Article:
I remember the moment I asked God for the gift of patience standing in front of the boxes for each family member of the church, I was fourteen, maybe fifteen and a newish member of said church. As a sign of our obedience to God, our call to prayer, and submission to the authority in our lives women wore simple head coverings. I wasn’t aware, for whatever reason, of the decision of the women not only to have their heads covered but their hair up, rather than in the French Braid I sported that morning. My beyond-waist-length hair was up, at least for church, after that. And in that moment I asked God for the gift of patience. Opportunities to grow in patience abound, my ability to be patient oft seems directly related to both my own physical rest and personal stress, as well as where I am spiritually.
It is this moment when the desire to teach others was firmly implanted in my heart and mind. Because there is no better way to learn patience than to teach. Oh wait, yes there is. Work retail.
Becoming patient is, as the intervening years taught, a life-long process. It’s a journey of extending Grace to others in the midst of a moment when I’d rather not, and/or the patience in the well of my being has reached empty, allowing me the opportunity to tap into the well of divine patience, which as you might suspect, is infinitely deeper than the fairly deep, always digging well of my own heart and mind.
Love is patient.
I can see with in some small ways now how God allowed me to meet people offering opportunities to grow in patience. I can see in a couple of instances where I haven’t trusted in, given in to the well of divine patience running into the ones in need of patience. I can see where there are times when I’ve held onto some offence that needed the grace of patience ever more deeply because I knew that the person on the other end had no idea of what else was happening. Even if they did know I know that I can only speak to my heart in that moment, knowing that the well the dryness of that well of patience.
A dry well of patience often has consequences, while undesired, they exist.
Add to this desire for patience a stubborn streak a mile wide and one has the mixin’s for the opportunity to expand. Oh goodness I’m laughing because I see the humor in this. Stubborn can mean resolved, purposeful, focused. When I’m free-motion quilting that streak being a mile wide serves me well I focus so intently that the ability to tune everyone and everything out is possible. Sometimes that same stubborn streak prevents me from exercising the patience necessary for the moment as I want my way, and I want it now or I want the other to fully understand why my patience is less than optimal as I need grace extended to me in that moment. With customers and students I always want to offer a resounding, “YES!” however there are times when the necessary “no” I must offer is due to a lack of capability or availability on my part in that moment.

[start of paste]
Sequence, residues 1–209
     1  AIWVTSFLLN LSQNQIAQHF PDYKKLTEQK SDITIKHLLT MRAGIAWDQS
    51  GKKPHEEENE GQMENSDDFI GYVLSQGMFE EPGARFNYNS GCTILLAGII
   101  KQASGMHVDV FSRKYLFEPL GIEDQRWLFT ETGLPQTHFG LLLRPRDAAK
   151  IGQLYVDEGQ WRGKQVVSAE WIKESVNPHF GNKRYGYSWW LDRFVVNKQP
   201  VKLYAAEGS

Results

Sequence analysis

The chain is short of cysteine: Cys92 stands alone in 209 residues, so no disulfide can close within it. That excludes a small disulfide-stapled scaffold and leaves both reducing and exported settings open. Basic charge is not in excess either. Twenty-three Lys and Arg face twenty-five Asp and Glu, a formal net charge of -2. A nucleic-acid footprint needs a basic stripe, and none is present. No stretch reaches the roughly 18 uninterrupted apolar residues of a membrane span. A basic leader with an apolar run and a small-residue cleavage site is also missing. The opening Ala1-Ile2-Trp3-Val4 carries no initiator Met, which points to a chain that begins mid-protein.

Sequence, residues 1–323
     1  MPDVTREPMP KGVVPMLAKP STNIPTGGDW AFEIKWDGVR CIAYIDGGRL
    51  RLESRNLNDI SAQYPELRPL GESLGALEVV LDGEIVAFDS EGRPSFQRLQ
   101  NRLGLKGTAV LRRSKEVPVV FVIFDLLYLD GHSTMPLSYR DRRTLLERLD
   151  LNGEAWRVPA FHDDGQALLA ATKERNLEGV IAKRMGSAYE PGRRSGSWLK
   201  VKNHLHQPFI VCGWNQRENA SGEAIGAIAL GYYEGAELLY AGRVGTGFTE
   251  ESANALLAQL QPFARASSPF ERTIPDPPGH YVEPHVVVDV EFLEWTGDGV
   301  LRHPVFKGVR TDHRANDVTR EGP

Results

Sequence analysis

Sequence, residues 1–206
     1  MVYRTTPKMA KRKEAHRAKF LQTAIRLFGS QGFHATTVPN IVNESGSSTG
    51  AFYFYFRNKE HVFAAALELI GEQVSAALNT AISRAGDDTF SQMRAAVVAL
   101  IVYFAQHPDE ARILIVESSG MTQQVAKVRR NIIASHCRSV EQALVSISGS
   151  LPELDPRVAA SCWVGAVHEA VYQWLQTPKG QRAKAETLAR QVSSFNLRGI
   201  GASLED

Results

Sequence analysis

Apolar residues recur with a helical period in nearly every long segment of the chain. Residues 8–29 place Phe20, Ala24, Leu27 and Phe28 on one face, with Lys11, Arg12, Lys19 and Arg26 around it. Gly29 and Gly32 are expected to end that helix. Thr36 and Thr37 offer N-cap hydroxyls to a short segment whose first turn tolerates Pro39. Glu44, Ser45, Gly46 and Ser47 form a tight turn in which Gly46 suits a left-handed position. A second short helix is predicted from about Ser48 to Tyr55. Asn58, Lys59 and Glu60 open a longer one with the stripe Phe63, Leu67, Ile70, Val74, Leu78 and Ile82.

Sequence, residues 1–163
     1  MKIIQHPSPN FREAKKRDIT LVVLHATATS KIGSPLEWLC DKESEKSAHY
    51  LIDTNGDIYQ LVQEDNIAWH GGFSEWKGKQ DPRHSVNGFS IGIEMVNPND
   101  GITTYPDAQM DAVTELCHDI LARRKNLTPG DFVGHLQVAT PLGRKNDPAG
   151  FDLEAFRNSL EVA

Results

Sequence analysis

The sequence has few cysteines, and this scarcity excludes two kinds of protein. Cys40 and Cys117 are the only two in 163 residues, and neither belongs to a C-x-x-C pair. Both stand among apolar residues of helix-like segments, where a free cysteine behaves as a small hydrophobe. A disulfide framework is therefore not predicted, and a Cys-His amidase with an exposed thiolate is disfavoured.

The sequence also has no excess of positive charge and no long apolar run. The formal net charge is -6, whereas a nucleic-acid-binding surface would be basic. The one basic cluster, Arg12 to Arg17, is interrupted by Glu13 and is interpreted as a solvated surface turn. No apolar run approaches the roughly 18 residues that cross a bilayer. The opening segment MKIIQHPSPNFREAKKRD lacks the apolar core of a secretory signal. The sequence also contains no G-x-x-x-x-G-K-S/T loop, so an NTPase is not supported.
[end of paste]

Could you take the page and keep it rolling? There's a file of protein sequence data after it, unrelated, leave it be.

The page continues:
Being patient, listening carefully, answering thoughtfully and meaningfully is my goal. This patience connotes and offers the dignity and respect to the other person I’m speaking with. A lack of patience takes the experience of dignity and respect out of the conversation. While not intended it is a natural consequence. I am deeply grateful for those moments when patience is flowing; and experience sorrow and shame when I’ve been impatient.
One of the deeper lessons learned is that patience is kindness is love for it bears all things, hopes and actively seeks the best for the other, and brings peace. Peace I’m coming to understand, is not so much a lack of conflict but rather an acceptance and an extension of grace and mercy.
Peace be with you,